The Trump administration’s energy department is rolling out a lengthy report touting oil and gas as “providing energy security and supporting our quality of life”, without acknowledging that fossil fuels are the main cause of the climate crisis.
Released a month before the election, the report is strikingly at odds with the realities of climate change that the American public has been coping with over the past few months, from huge wildfires to destructive derecho storms and a series of intense hurricanes.
The cover of the report features verdant produce and a happy couple cooking over a gas stove. The department uses the word “climate” in the report only once, in reference to an industry initiative. The department estimates it spent about $200,000 on the project.
“Over the past two decades, Americans have witnessed dramatic growth in our nation’s ability to produce the oil and natural gas needed to power our vibrant economy and support our modern lifestyle,” the introduction says.
The report doesn’t cover any of the industry’s downsides – from fueling climate change to polluting communities where it operates and providing the feedstock for plastic waste that is covering the earth. It focuses on the national security values of US energy independence but does not mention that the defense department frequently names the climate crisis as a threat.
Assistant secretary of fossil energy Steve Winberg said the report is meant to assist in the department’s goal of increasing oil and gas production in the US, which president Donald Trump made official in an executive order early in his term. Already, the US is a net exporter of oil and gas.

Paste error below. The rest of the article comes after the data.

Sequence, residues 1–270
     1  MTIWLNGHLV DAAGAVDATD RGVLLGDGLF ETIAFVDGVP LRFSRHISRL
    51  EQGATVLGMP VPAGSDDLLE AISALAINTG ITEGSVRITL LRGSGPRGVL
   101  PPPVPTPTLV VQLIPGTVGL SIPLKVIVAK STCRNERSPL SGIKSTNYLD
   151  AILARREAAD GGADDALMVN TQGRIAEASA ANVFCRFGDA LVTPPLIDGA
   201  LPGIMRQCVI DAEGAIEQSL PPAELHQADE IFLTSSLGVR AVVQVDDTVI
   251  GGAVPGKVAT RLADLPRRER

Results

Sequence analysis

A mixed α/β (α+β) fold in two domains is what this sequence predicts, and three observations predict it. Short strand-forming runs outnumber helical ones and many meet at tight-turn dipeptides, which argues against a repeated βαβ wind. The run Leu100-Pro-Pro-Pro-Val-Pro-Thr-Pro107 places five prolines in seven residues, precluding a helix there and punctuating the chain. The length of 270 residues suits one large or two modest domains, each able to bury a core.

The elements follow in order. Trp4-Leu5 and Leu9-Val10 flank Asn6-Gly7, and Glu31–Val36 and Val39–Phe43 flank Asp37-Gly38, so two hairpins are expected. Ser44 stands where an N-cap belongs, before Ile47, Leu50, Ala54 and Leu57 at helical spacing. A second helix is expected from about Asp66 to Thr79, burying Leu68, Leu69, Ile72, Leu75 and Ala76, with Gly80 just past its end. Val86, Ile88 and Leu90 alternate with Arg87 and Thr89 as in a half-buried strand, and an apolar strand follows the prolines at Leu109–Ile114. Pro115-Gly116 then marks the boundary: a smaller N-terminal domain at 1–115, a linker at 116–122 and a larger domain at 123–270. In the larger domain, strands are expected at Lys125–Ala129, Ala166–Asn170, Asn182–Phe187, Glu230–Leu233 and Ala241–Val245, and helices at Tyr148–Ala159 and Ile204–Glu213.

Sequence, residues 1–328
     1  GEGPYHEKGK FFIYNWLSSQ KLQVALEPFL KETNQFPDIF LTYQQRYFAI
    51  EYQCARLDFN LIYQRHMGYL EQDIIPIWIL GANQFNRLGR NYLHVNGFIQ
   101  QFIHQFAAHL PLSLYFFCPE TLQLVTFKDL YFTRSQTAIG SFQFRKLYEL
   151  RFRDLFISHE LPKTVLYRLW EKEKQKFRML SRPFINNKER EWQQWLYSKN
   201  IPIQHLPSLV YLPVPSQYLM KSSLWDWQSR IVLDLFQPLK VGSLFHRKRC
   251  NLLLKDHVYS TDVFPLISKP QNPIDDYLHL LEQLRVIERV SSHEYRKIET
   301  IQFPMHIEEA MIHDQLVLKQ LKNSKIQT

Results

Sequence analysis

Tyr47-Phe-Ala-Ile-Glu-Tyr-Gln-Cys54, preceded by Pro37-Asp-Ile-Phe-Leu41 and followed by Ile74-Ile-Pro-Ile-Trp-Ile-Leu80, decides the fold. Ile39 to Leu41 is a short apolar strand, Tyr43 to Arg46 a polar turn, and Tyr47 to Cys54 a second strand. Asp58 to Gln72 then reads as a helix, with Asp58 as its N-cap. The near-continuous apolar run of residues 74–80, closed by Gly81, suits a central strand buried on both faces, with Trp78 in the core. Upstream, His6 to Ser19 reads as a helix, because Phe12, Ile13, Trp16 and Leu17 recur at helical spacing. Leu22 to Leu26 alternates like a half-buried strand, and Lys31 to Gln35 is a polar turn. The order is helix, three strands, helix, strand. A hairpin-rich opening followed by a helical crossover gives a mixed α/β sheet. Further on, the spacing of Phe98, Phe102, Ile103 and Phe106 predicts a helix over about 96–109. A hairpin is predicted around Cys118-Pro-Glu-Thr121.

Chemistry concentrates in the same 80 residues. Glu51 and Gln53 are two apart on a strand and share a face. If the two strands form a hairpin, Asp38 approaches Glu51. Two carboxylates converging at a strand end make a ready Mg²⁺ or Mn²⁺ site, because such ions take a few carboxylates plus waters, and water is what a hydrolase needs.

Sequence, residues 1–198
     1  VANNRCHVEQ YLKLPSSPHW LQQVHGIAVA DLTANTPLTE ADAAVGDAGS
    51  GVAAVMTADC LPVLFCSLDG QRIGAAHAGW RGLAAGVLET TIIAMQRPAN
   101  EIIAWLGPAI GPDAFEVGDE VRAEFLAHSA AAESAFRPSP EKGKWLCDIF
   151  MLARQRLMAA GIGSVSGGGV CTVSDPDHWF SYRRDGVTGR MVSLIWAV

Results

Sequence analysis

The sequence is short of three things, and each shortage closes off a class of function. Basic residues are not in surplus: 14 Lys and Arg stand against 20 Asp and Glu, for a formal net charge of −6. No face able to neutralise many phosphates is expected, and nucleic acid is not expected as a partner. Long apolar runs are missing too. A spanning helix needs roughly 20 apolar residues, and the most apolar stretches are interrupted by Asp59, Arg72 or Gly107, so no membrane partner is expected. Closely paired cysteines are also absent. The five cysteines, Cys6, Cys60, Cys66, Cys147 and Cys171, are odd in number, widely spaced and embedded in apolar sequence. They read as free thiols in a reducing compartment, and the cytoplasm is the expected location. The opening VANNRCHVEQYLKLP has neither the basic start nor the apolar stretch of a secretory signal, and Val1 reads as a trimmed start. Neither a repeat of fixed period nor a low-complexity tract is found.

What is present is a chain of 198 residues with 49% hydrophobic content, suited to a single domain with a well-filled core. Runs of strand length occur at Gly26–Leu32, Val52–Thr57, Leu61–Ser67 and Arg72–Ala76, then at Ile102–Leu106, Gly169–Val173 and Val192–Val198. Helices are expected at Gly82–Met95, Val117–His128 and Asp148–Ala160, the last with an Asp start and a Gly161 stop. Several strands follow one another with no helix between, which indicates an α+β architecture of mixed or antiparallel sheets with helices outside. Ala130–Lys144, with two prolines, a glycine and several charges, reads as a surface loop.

Winberg said the report is for a general audience: “It is absolutely the purpose to reach Joe or Jane homeowner – and their barking dog, for that matter.”
Asked repeatedly by reporters about climate change, Winberg insisted that fossil gas – which releases carbon dioxide and methane that heat the planet – is a climate solution because it helps with the shift away from coal.
“Natural gas is also the source of fuel that is reducing CO2 emissions around the world,” Winberg said.
He argued that carbon capture technologies – which are not ready for use at scale and remain expensive – are the answer to continuing to burn fossil fuels while limiting the climate impact.
The report comes a month before the US government will exit an international agreement on climate change. Trump continues to refuse to acknowledge that human activity is the main driver of rising temperatures.
Trump’s challenger, former vice president Joe Biden, has said he sees climate change as one of four major crises confronting the US.